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Old 01-02-2011, 01:12 AM   #301
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Clearly there's no point in continuing here if you're adamant about talking about whether their attendance was considered good/bad.
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Old 01-02-2011, 01:31 AM   #302
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Your premise was that transplant cities like Miami can still have good attendance if the team is good, I'm simply disputing that. I have no idea what I should be talking about if it's not that.
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Old 01-02-2011, 01:48 AM   #303
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It's a small market team in a sub-urban setting. They are not expected to have attendance anywhere around the top half of the league.

My argument was never, ever that transplant cities 'can still have good attendance'.

Headache said he doesn't understand why they continue to put teams in transplant cities like Miami. I made the case that they are still conducive as a business to the league. Can they sell tickets? When they win, yeah, they can sell enough to operate and draw an income. There's no reason that small market teams should not be there if they are successful financially. That was my point.
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Old 01-02-2011, 09:29 AM   #304
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Miami is in no way a small market. Neither is the d.c. area.

I in no way ever said, not do I believe, that small market teams can't compete. I actually believe they can, and do. What I said is that teams in cities and states that are made up largely of people who came from other places, largely the northeast, don't normally do too well financially.

Every team in florida, with the possible exception of the dolphins, has had major attendance and financial issues. Every baseball team in washington dc has left eventually. The basketball and hockey teams also struggle. The only team that sustains financial success are the redskins. The nfl, they do okay for themselves... And even they can't save the jacksonville jaguars.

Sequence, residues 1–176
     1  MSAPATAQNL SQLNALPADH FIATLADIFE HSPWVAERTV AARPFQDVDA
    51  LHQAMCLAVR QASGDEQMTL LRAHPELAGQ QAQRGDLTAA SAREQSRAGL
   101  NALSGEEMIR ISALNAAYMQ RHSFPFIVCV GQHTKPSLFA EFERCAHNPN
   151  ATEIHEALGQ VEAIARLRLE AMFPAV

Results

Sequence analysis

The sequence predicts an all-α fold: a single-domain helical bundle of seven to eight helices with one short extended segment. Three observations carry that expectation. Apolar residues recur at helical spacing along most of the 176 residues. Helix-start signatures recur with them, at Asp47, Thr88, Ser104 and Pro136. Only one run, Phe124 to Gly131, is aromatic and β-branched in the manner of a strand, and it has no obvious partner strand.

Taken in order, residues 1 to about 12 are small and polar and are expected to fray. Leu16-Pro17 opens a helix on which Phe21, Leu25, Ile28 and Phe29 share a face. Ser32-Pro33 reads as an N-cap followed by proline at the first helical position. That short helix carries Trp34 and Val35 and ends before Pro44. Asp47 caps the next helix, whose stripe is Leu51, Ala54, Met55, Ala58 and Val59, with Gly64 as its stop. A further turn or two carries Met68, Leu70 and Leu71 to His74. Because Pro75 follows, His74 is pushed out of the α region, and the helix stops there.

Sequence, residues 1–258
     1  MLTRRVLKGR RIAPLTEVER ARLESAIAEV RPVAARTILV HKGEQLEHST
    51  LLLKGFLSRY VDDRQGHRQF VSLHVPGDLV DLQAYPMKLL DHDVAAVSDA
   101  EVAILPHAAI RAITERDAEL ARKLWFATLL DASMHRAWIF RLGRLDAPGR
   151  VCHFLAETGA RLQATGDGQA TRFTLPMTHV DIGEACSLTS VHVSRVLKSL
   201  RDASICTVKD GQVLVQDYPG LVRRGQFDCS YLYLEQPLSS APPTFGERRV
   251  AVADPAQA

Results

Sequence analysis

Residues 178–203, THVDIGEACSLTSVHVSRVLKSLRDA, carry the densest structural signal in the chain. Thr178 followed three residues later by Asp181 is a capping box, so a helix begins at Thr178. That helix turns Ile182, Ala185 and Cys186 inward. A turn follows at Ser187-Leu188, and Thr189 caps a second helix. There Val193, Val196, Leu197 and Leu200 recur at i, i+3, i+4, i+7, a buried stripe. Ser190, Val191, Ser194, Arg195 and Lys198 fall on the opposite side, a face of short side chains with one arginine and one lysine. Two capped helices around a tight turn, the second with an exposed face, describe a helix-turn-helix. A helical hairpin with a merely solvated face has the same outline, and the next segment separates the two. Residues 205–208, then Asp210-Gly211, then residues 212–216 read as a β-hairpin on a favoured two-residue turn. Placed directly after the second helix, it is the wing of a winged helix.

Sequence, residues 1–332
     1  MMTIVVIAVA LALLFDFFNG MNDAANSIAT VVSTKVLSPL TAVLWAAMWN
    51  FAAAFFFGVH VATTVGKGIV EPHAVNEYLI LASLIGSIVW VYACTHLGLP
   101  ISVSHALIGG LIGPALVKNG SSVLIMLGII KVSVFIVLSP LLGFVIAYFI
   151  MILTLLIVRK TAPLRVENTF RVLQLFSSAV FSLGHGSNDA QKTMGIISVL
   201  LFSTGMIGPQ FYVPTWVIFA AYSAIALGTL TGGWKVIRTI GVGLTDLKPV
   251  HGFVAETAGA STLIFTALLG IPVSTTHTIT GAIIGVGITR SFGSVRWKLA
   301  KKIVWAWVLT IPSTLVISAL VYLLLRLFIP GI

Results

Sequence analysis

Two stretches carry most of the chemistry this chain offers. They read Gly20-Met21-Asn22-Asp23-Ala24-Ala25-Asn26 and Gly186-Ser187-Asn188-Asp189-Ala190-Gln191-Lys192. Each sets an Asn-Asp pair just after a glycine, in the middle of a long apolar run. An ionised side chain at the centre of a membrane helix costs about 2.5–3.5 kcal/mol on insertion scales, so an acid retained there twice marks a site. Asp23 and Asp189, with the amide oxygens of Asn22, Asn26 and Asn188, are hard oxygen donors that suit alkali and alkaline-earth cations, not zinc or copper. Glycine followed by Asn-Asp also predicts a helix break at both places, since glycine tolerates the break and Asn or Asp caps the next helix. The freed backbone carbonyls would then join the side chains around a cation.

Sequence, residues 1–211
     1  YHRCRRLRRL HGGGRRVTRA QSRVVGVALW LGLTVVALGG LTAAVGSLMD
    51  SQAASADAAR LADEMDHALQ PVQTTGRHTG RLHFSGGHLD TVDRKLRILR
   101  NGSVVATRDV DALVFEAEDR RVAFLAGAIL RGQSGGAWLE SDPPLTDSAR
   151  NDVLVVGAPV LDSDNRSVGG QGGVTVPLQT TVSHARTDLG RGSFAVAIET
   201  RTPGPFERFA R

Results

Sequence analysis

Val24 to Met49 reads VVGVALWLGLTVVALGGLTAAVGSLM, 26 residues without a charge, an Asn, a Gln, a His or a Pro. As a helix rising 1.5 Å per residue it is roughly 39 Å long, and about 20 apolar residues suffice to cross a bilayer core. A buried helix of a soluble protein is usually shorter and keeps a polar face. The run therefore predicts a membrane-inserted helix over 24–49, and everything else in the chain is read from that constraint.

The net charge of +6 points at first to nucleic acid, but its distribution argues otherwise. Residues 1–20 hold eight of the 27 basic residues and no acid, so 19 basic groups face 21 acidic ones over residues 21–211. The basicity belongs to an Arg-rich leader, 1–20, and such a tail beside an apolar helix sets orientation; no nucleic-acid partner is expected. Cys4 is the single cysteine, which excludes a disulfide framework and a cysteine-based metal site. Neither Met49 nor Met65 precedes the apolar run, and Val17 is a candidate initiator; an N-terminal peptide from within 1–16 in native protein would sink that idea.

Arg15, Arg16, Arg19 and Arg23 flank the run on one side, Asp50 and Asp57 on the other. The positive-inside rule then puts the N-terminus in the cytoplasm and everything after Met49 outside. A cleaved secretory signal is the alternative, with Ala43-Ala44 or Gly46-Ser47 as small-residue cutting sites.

Even the teams in arizona have had spotty success for similar reasons.
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Old 01-02-2011, 11:35 AM   #305
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Headache said he doesn't understand why they continue to put teams in transplant cities like Miami. I made the case that they are still conducive as a business to the league. Can they sell tickets? When they win, yeah, they can sell enough to operate and draw an income. There's no reason that small market teams should not be there if they are successful financially. That was my point.
But they can not sell tickets, that's the whole point. Your premise is that they sell tickets when they win. They don't sell tickets when they win. They won and still came up 26th in the Majors in attendance the year after that.

Your other premise is that they're a small market team. They're not a small market team. The Miami area has 5.5 million people. It's the 7th largest metropolitan area in the United States.

The Marlins only balance the books by not spending much money. It has nothing to do with selling themselves successfully, because they don't.
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Old 01-02-2011, 03:41 PM   #306
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But they can not sell tickets, that's the whole point. Your premise is that they sell tickets when they win. They don't sell tickets when they win. They won and still came up 26th in the Majors in attendance the year after that.

Your other premise is that they're a small market team. They're not a small market team. The Miami area has 5.5 million people. It's the 7th largest metropolitan area in the United States.

The Marlins only balance the books by not spending much money. It has nothing to do with selling themselves successfully, because they don't.

Just because they're not selling 40,000 tickets doesn't mean they're not selling tickets. If they're selling 22,000 tickets, they're selling plenty of tickets versus their payroll. You seem to think that league rank in attendance is the all-teller. Next you're going to tell me... capacity% is important?

And again, we're not arguing what is good attendance and what is not. It doesn't matter what you think is good or bad. Stop saying they 'aren't selling tickets' after winning if their is a near 40% increase in ticket sales. That's a completely illogical argument.

A small market team isn't determined by population of a metropolitan area. It's determined by their media market, of which Miami is 17, not 7. Furthermore, a small market is determined by the demand for the product. In the greater Miami area, there's not a huge demand for baseball. The baseball market is a small market.

And once again, thank you for proving my point. What did you say there? The Marlins balance the books? Oh! My point! Wonderful! Why should they not be in Florida if they continue to balance the books? It certainly has something to do with operating successfully. As a business. They sell enough tickets. Not a lot of tickets. Enough tickets to stay financially suitable for this league.